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Rain For A Day - Elemental CD (album) cover

ELEMENTAL

Rain For A Day

 

Prog Related

4.50 | 12 ratings

From Progarchives.com, the ultimate progressive rock music website

tszirmay
Special Collaborator
Honorary Collaborator
5 stars I am blessed to have a good friend in Montreal, a wise man in terms of intellect and a suave prog fiend, with whom we bounce suggestions and ideas, making the hunt for the elusive jewel a team effort instead of some selfish solo venture. Jean 'the Cat' Roby has a fine palate for music and I trust him implicitly. He came out of left field with Rain for a Day, describing this 2004 one shot wonder from Germany as a pearl of grand proportions. Upon closer inspection, the hint was clearer, as this band is led by Matthias Harder, drummer of future prog giants Sylvan. The other major highlight is the voice of Miriam Schell, a stunning beauty who can sing like the wind, in that whispering style one minute and deeply emotional and warm the next. Harder handles the keyboards here, leaving the kit to Matt Zenrich, while composing dark and atmospheric soundscapes for the voice to establish its unmistakable magic. This is the third album for this Hamburg band and it's a crime that it did not get more exposure. I am guilty too as I had to wait 13 years to discover this gem.

Perhaps it's not to everyone's liking but if you are a fan of female singers, which I hate to repeat, vastly outperform the males in Progland, then, like me, you will find yourself seduced, mesmerized and quite satisfied. If you are a fan of Karnataka, Mostly Autumn, Iona, Cairo, Mantra Vega, Shine Dion, Panic Room, Harvest, Magenta, a many dozen more, then hunt this beauty down. The arrangements are extended platforms for the voice, as the buildup is deftly executed and built with progressive folk in mind, no 2 minute jobs here (Prog Ramones, LOL)! The album and band are placed in the Prog Related category which may be one of the reasons it has been misrepresented. In my opinion, it's a crossover/ folk masterpiece, not sounding anything remotely like the bands mentioned above. The accent here is on stark ambiances, piano playing the major part, but loaded up with vivid orchestrations and fascinating rhythmic developments (Zenrich is quite the stick man). There is a fragile, child-like quality at times, as if innocence has taken over the song craft, like on 'New Year's Eve', a very short one with voice and orchestra. Spellbinding! Throw in Portsihead-like tunes like 'Sharks'' or outright torch songs like the surreal 'Poetry's a Crime', your head will reel from all the pleasure and style displayed here. This latter track has an instrumental section that defines beauty. On the stirring 'La Sagrada', Miriam Schell really kicks it up a notch, to the point of shimmering pain. Or is it ecstasy?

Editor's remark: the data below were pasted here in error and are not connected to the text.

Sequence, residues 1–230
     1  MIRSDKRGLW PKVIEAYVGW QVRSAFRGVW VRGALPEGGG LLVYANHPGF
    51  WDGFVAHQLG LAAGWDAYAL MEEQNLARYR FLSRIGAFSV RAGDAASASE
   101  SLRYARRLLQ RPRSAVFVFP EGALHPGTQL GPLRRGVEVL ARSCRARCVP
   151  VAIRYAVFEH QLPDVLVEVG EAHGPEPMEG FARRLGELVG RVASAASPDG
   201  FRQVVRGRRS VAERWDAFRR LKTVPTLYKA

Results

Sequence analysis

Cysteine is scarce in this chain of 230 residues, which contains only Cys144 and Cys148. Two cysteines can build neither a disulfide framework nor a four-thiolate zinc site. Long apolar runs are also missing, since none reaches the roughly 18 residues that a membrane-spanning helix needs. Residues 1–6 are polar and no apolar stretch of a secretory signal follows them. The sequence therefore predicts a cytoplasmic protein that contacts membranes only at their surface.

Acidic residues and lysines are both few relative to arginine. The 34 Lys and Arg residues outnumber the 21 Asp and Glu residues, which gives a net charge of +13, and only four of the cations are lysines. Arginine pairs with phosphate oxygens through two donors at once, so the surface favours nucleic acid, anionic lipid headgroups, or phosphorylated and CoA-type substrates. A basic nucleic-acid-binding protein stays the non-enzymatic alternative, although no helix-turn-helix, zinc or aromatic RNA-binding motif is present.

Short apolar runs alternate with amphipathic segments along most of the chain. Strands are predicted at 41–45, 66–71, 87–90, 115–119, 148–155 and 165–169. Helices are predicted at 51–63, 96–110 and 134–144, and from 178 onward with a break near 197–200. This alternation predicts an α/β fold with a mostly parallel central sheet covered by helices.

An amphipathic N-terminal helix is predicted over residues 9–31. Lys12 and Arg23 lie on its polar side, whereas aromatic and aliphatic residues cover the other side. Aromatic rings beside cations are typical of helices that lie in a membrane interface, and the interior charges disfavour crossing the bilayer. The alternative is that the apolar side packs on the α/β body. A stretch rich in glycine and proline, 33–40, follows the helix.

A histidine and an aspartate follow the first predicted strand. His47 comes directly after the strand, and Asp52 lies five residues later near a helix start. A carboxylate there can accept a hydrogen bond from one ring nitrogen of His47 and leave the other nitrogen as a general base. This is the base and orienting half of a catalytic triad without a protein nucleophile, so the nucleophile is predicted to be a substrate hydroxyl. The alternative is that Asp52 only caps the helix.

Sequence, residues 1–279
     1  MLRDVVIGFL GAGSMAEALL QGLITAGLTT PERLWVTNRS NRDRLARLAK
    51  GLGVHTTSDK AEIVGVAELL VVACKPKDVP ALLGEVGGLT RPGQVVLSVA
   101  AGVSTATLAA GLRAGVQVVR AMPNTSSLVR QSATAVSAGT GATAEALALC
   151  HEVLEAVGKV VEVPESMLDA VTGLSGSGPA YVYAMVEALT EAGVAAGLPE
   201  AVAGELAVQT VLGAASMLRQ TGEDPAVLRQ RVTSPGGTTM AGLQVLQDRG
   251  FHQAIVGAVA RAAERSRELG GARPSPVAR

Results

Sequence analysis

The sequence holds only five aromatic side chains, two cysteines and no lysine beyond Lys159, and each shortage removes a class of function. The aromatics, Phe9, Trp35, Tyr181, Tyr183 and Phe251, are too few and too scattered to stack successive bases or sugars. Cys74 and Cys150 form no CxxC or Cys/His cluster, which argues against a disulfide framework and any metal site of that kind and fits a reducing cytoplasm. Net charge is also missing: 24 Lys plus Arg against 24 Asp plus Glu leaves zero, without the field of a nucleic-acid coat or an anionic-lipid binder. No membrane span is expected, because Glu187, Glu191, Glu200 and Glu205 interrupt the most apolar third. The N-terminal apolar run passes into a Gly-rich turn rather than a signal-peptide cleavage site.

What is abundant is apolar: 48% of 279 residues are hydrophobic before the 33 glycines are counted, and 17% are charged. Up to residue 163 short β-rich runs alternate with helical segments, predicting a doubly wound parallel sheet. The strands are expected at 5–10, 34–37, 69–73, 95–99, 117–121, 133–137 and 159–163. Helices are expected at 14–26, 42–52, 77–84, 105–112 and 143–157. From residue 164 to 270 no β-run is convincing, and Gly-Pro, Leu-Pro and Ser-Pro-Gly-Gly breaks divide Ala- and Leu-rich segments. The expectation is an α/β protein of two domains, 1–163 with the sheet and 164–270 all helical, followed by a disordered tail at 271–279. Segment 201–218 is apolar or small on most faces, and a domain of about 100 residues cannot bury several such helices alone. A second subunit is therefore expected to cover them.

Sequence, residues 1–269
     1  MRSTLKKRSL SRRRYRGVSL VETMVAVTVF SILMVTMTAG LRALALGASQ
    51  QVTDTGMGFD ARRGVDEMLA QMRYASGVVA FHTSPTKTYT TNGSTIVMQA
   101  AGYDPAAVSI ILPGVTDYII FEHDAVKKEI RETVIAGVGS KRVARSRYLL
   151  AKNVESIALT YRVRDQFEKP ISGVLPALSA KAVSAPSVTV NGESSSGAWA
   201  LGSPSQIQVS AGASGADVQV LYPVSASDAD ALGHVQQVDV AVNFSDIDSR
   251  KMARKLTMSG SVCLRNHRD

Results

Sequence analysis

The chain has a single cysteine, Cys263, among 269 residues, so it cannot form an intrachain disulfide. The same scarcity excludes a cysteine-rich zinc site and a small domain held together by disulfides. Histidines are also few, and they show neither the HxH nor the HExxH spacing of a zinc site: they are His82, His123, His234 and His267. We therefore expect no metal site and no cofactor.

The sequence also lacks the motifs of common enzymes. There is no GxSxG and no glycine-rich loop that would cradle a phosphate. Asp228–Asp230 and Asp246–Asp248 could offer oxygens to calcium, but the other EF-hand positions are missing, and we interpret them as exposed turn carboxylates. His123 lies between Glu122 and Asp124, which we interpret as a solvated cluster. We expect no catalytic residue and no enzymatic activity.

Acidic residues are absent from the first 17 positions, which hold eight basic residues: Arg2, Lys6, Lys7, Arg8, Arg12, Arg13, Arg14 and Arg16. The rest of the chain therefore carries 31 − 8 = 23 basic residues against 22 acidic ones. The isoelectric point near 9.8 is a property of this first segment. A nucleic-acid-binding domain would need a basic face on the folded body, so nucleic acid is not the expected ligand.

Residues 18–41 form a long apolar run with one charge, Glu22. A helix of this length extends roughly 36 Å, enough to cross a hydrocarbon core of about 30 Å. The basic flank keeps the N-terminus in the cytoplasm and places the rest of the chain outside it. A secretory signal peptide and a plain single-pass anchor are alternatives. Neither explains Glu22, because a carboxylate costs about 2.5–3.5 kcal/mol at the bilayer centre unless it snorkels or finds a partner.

All the songs are truly exceptional, especially the longer ones, 'So Real' (8.17), 'Tonight' (6.43), 'I Wish' (7.20) and the stellar title track (9.25). The album is a second away from an hour (59.59) proving once again that Germans can so disciplined when they concentrate on the details.

Shame on me for not getting this sooner. Shame on you if you don't listen to my advice. Merci Jean,

5 quotidian showers

tszirmay | 5/5 |

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